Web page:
If you’re under 18, many of the rights applying to you are listed in the Convention on the Rights of the Child—the United Nations’ declaration on children’s rights. The Education Act and the Discrimination Act also exist in order to protect you from being bullied, violated, harassed, or mistreated in school.
The UN Convention on the Rights of the Child
Your Rights at School According to the Convention
1. The development of the child’s personality, talents, and mental and physical abilities to their fullest potential; and the development of respect for human rights and fundamental freedoms, and for the United Nations’ principles.
2. The development of respect for the child’s parents; his or her own cultural identity, language and values; and for the national values of civilisations different from his or her own.
3. The preparation of the child for responsible life in a free society, in the spirit of understanding, peace, tolerance, equality of sexes, and friendship among all peoples.
4. The development of respect for the natural environment.
This applies to all countries that have agreed to follow the UN Convention on the Rights of the Child (Source: BO).
The Education Act, Chapter 6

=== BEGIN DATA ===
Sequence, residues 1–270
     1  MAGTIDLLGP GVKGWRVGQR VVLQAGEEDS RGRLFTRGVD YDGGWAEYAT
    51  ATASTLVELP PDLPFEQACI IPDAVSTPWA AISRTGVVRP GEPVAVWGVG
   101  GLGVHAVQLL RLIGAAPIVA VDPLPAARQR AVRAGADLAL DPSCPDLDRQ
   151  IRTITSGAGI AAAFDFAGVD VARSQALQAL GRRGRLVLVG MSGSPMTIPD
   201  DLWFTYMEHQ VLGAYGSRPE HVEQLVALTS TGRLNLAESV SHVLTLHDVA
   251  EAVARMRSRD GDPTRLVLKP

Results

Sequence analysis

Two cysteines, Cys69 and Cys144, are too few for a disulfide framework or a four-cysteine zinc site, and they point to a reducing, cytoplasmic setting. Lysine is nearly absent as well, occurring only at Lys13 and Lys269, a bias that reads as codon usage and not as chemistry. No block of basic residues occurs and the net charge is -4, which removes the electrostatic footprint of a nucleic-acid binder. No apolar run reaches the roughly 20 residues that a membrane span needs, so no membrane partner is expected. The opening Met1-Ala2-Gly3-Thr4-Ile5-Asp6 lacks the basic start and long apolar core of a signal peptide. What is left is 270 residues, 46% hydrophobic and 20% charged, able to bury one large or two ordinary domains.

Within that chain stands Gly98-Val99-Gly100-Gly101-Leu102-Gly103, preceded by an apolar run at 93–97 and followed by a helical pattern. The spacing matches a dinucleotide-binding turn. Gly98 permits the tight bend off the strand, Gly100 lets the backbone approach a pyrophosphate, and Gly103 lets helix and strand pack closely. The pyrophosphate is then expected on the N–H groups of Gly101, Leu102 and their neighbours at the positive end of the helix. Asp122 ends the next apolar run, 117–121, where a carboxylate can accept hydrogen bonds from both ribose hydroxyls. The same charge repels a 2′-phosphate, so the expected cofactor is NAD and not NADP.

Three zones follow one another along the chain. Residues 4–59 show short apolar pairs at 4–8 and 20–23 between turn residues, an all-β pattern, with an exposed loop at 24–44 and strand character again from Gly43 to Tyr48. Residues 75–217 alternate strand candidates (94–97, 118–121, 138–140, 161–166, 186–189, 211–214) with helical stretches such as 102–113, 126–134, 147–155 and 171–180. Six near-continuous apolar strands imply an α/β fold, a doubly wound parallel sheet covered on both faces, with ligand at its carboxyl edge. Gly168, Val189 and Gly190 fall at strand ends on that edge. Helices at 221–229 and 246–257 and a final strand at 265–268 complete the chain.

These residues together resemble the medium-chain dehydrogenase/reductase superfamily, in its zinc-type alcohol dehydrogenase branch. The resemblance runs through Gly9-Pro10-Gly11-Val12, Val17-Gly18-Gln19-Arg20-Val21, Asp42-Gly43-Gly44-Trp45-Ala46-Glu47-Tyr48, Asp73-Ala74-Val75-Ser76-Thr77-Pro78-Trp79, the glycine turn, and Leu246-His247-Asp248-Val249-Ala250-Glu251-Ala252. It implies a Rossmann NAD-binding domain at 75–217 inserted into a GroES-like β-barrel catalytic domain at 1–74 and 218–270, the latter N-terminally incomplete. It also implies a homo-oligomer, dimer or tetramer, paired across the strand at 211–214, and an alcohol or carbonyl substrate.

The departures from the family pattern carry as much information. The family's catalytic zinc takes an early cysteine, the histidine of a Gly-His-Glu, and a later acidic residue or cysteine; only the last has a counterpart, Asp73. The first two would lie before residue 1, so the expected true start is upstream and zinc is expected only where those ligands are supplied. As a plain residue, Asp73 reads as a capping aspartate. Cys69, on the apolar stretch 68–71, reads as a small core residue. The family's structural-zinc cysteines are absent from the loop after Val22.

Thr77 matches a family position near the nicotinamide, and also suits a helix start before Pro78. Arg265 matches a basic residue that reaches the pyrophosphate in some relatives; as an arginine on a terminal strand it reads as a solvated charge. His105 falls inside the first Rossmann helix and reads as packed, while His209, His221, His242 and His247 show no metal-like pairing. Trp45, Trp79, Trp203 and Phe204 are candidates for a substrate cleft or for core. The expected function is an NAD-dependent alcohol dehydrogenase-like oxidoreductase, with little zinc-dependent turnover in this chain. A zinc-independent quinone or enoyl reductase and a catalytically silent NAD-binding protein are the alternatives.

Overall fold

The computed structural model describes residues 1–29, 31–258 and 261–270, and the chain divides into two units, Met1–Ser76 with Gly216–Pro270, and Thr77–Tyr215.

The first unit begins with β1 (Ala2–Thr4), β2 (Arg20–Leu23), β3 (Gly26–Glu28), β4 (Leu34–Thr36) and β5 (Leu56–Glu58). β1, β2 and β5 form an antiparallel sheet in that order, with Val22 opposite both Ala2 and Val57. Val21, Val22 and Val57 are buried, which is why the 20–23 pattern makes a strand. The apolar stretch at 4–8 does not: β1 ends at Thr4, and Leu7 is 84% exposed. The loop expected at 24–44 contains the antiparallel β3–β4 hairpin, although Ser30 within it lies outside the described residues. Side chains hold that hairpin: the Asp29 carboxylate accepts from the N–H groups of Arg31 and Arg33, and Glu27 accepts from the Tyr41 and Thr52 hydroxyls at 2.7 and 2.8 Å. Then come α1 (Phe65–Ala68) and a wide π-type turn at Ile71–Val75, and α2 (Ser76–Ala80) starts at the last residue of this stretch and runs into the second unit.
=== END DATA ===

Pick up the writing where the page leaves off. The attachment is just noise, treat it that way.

All schools and all adults at the school are to strive to make sure that no student is mistreated, victimised, or violated. Every year, every school is to make a plan with an overview of how the school intends to prevent abusive behaviour from occurring and how the school will react if a student feels violated. A teacher or another adult working at the school who finds out that a student has been mistreated or violated must report it to the principal. A principal who finds out that a student feels they’ve been mistreated in school must report this to the school’s governing body, i.e. the person who is the school superintendent (or similar) if the school is a state school, or the board if the school is an independent school. This person must quickly find out what has happened, how it could happen, and make sure that it stops. The school staff must ensure that such behaviour doesn’t repeat itself again in the future. The staff at the school must not cause a child or a student to be exposed to abusive behaviour. (Source: The Education Act 2010:800, chapter 6.)